The discovery of the element Thallium in 1862 and the laborious determination of its atomic weight was his first marked success, and from that time onward his work was a natural sequence of connected events. So that he might carry out the determination of the atomic weight of thallium to very great accuracy he had constructed a vacuum chamber to hold his balance, and when using this he was struck by the erratic behaviour of the balance when in a vacuum. This led to Ms researches on "Repulsion resulting from Radiation," and the ultimate invention of the so-called radiometer or light mill, an instrument familiar enough to everyone now, but only the writer knows the magnitude of the work and the hundreds of experiments that enabled the truth of its action to be evolved from the mass of fanciful speculation that followed the first observation of such novel motions.

It was about this period that Sir William has related a conversation that he had with Lord Kelvin, then Sir William Thomson, which ended in the latter's recommendation to "try electricity"; the trying of electricity led directly to those beautiful researches in "Radiant Matter" that will ever be associated with the name of Crookes. The lecture with the above title delivered at Sheffield in 1879 created a sensation in the scientific world, and was remarkable both for the beauty of the experiments shown and for the boldness of the speculations which accompanied them.

During the work on radiant matter the spectroscope was frequently employed to examine the brilliant radiations emitted by various solid substances under bombardment with cathode rays, and the occasional appearance of a bright citron-coloured band gave rise to a long research published under the title of "Radiant Matter Spectroscopy." This research extended from 1883 until a few years ago, and led to some very advanced and far-reaching reasoning upon the constitution of matter and the genesis of the elements.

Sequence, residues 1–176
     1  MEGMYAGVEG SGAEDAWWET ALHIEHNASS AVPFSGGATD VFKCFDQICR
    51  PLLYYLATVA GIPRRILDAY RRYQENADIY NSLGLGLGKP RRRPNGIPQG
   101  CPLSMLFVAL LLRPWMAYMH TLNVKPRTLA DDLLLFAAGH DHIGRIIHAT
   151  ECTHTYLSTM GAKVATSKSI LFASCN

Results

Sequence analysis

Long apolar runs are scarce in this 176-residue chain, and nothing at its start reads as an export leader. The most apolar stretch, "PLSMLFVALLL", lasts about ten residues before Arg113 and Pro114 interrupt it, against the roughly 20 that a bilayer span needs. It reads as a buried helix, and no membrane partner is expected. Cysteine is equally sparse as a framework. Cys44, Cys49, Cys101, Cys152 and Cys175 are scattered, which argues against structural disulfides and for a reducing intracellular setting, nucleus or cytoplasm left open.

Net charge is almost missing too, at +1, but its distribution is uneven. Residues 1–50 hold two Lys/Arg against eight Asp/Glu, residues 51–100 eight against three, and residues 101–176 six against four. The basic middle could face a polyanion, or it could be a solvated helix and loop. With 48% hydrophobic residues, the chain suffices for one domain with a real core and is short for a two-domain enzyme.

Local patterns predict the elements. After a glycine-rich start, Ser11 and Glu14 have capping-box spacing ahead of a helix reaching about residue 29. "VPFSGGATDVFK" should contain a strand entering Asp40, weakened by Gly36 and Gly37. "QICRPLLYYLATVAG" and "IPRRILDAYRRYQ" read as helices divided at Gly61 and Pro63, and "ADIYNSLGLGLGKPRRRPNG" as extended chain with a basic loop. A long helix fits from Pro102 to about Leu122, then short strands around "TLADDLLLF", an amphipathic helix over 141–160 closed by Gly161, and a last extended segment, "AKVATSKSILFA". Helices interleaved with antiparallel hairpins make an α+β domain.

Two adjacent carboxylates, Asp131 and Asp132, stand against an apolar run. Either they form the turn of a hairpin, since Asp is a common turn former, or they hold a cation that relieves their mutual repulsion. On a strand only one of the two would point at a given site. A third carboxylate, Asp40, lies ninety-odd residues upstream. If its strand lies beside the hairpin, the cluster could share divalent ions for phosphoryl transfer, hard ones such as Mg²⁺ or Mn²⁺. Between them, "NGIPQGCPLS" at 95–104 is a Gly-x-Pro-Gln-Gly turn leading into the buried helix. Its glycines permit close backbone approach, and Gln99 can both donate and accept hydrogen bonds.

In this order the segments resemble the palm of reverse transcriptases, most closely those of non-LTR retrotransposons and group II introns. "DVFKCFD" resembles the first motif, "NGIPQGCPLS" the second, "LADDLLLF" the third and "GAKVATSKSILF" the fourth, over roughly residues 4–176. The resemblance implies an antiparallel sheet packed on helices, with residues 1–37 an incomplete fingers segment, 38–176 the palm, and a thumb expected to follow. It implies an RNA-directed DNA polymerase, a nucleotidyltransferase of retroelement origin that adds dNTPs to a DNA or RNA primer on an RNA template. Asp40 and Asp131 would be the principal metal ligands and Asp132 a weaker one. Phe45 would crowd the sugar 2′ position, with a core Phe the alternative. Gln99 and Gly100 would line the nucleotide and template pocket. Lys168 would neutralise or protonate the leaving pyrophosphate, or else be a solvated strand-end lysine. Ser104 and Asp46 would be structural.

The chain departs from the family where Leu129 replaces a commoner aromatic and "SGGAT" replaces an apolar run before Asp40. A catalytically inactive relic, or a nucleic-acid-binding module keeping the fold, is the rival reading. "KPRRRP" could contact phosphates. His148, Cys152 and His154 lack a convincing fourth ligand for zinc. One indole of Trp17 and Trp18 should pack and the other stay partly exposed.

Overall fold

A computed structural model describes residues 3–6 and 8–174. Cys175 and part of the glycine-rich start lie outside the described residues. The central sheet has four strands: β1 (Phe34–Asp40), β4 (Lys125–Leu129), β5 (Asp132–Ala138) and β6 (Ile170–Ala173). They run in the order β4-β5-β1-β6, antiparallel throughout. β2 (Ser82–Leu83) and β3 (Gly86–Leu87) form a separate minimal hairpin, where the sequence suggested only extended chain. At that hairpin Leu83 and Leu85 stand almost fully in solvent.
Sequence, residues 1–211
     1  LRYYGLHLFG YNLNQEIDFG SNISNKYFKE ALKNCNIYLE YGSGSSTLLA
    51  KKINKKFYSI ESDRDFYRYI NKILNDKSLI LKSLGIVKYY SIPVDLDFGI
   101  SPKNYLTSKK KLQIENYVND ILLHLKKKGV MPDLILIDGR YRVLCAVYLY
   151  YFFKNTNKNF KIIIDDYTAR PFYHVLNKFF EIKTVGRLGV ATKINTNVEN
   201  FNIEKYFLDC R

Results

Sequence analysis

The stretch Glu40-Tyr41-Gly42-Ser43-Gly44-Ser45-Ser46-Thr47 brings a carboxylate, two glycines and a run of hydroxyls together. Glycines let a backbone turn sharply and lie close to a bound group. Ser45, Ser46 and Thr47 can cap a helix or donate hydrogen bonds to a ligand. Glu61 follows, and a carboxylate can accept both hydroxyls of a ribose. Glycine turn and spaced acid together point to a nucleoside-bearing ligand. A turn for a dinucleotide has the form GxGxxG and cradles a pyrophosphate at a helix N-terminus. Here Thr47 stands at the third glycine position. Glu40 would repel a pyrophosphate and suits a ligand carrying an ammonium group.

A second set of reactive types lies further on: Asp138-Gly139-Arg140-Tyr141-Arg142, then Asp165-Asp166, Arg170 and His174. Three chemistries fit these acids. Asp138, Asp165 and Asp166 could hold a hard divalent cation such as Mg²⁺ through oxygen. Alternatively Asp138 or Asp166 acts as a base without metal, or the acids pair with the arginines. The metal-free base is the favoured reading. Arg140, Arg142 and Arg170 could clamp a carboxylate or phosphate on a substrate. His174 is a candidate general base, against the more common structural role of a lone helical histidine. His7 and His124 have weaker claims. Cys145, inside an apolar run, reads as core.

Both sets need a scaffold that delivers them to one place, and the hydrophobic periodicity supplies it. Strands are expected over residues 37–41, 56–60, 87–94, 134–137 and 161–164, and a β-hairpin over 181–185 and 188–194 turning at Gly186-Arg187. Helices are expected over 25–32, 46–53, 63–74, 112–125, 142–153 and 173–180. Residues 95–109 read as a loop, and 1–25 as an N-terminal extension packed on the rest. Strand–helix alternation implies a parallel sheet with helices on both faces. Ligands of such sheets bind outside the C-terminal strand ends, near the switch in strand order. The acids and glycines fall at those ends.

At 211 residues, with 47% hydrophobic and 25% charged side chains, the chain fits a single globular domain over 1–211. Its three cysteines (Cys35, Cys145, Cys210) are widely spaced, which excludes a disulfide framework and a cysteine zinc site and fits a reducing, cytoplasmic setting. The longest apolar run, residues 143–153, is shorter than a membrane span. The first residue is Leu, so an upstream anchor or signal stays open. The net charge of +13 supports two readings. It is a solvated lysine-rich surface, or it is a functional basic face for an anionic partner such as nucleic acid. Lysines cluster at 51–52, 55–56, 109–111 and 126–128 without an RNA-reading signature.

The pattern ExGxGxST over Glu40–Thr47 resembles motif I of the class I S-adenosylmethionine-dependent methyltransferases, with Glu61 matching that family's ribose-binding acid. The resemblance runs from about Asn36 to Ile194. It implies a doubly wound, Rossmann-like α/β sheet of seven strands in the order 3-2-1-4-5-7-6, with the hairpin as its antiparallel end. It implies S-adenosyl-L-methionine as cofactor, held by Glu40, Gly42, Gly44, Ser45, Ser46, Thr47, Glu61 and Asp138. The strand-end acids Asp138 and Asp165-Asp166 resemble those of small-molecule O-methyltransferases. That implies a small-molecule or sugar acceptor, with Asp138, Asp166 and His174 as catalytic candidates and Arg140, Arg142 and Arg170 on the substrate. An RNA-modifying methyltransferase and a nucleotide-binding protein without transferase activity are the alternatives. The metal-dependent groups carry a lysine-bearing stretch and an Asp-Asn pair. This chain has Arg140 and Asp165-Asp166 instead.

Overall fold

At the British Association meeting in Birmingham in 1886 Sir William enlarged upon the difficulties of separating the various members of the "rare earth" elements, and in speculating upon the ultimate constitution of matter proposed the name "Protyle" for the "something that existed anterior to our elements." His investigations in radiant matter spectroscopy were at first wholly connected with the visible spectrum, entailing laborious observation on account of the faintness of the light. This suggested the hope that photography might be made to record the spectra with also the possibility that invisible bands in the ultra-violet region might be revealed. For this purpose a quartz spectrograph was constructed and became the starting-point of spectroscopic investigations that continued from about the year 1888 and were in full swing at the time of his death.